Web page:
Its an exciting time of year as everything starts to grow again after laying dormant over winter. On my cycle to the farm now I’m greeted by daffodils and primroses that line the country lanes. Finally our fields have dried out enough for us to start preparing the land for the year ahead. As I mentioned in the blog last year our soil is heavy in clay and so easily becomes and remains waterlogged for long periods when we have excessive rainfall. The overwintered crops such as our Kale and Leeks have suffered due to this waterlogging and we are now seriously considering installing Land Drains (lengths of pipes with tiny holes in them sunk into trenches dug across the fields and then backfilled with gravel and soil) to combat this annual problem but, it’s an expensive process. The waterlogging is worse in our “Chapel Field” which was taken on after the initial nursery site but, the “Top Field” which is part of the original site has Victorian Land Drains which still make a noticeable difference. And to think, these would have been dug by hand!! We’ll do it all with a trenching machine.

 

We have been spreading compost with our muck spreader that broke last year but that Adrian has managed to fix this year. Maintaining machinery is a job we try to get on top of each winter but that somehow always gets pushed aside by other maintenance and building work such as building our lovely new compost bays! It’s very important though because a vital piece of machinery breaking at a crucial time of year or weather window can have dire knock on effects!

 

 

 

 

We spread compost each year. This year we are starting a little earlier because the conditions were favourable and its good to get a job out of the way when we have the opportunity. Along with Green Manures (of which I’ll go into more detail at a later date) adding compost to the soil is one of the most important processes in Organic farming. We are essentially feeding the soil. Healthy soil is jam packed with life from earthworms to countless micro organisms. In one teaspoon of soil there are over a million micro organisms and up to 20,000 different species which all make up a complex food web of which plants are the central feature.

 

 

 

 

 

The organic matter we add to the soil is broken down by bacteria that are attracted to the area around the plant roots known as the Rhizosphere. They congregate here because the plants exude food in the form of sugar and carbohydrates and in return the bacteria decompose organic matter making nutrients available for the plants. The bacteria are then eaten by larger organisms and so on up the food chain. It’s an amazingly complex and diverse system that has evolved over hundreds of millions of years. By spreading compost we are nurturing the life within the soil. The life that in return for our care will help us to produce healthy crops. I think this is an important point because often when we consider “Organic Food” we think solely of its benefits to us as Humans but we should also consider its benefits to the soil and the life within it.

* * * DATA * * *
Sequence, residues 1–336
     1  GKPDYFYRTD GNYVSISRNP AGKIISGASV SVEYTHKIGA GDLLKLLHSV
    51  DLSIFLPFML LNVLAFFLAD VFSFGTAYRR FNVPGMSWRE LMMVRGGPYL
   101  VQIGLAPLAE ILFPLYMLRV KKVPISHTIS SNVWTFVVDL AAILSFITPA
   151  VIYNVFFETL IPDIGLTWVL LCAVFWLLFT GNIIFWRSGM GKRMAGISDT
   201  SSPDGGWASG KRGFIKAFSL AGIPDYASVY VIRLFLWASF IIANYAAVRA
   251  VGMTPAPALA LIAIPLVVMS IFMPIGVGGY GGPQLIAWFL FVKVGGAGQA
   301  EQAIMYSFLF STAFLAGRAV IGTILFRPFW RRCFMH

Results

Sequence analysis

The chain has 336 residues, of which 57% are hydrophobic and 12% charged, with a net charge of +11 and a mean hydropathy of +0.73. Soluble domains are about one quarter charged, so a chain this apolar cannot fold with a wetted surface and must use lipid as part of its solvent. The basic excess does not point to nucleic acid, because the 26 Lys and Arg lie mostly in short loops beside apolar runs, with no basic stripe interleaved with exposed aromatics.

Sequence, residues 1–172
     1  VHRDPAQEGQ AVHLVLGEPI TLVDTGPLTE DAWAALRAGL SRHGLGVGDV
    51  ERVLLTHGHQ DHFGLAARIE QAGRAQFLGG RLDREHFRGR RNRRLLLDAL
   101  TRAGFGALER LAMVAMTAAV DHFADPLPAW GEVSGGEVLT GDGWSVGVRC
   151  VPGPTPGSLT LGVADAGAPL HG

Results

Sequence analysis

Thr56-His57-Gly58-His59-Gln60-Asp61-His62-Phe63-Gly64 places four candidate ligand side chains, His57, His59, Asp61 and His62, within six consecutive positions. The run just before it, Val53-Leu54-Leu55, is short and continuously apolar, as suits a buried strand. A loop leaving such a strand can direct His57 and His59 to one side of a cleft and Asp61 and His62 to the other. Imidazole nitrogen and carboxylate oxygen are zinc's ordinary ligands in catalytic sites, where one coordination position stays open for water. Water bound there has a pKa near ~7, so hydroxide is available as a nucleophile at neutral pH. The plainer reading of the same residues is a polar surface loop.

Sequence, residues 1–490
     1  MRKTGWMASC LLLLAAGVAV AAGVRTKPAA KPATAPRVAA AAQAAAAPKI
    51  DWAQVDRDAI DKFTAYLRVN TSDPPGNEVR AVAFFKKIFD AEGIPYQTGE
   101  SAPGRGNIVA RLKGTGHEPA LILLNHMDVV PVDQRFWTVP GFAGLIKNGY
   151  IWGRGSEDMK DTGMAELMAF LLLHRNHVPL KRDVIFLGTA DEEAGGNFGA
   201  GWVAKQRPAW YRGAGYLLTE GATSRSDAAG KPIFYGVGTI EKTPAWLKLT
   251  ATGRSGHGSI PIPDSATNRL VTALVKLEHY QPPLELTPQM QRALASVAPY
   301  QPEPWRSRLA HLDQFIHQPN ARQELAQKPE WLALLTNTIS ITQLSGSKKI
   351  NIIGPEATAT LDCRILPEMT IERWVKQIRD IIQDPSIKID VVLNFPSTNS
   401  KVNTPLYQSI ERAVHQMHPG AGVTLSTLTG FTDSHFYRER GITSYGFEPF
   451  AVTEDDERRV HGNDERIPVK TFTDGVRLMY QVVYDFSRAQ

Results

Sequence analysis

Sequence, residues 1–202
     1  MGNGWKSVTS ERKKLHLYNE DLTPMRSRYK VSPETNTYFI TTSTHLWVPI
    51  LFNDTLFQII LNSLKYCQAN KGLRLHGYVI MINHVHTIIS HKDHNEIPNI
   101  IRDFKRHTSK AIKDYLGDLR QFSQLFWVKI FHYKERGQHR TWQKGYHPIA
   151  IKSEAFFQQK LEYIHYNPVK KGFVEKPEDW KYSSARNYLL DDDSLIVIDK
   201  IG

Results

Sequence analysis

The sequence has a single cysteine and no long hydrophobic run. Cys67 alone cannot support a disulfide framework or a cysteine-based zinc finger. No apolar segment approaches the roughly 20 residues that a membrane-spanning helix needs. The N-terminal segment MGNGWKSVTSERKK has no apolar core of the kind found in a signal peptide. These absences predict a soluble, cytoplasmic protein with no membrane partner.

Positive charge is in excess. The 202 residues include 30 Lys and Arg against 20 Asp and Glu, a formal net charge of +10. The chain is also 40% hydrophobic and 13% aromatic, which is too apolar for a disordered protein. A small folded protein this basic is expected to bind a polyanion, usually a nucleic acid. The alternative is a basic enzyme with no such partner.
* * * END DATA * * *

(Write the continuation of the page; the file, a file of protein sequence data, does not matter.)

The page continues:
Alongside the spreading of compost on our outdoor areas we are gradually clearing the overwintered beds in our polytunnels and glasshouses to make way for new crops. So far we have been planting Spring Onions, Butterhead Lettuces, Leeks and Sugar Snap Peas. These were all sown in our propagation glasshouse on heated benches which allow us to get things going that bit earlier. We also have some new beds of Kale and Salad Brassicas that I drilled in early February almost ready for cropping now.

 

 

 

 

 The term “Drilled” is used when we sow the seed directly into the soil rather than sowing seeds in the propagation house and then transplanting later. We have found at this time of year when the Kale outdoors and the winter Salad Brassicas are coming to an end these early drilled beds supply us with fresh, tender leaves that are very welcome at this time of year. In the propagation now we have our first batch of Courgettes and Spinach which will be ready to plant next week and even some crops for the summer salad that have just germinated. We are making a real effort to improve variety in our summer salad bags this year and so we’re getting prepared early!

 

 

 

 

 

 

 

 

 

At this time each year we use a technique called “Forcing” which involves growing certain crops such as Rhubarb, Chicory and Sea Kale in warm, dark conditions which coax the plants into rapid early growth. The product of this being much more tender and succulent than usual again, a welcome treat in a fairly slow period. We forced a whole ridge of Rhubarb this year and it’s done really well. However, the process does exhaust the plants so after picking the forced plants will be left to recover but, the unforced crowns are now growing well!

 

 

 

 

 

 

 Last but not least we have just planted our first batch of tomatoes. These are fairly early and we will sow another batch that will be for later cropping. This will allow us to clear the first batch earlier to make space for Green Manures which will build fertility for subsequent crops. As I’ve said, I will go into more detail about Green Manures at a later date. So, thats where we are so far this year. There will be regular updates about what’s happening on the farm and more insights into Organic Farming to come. Thanks for reading!!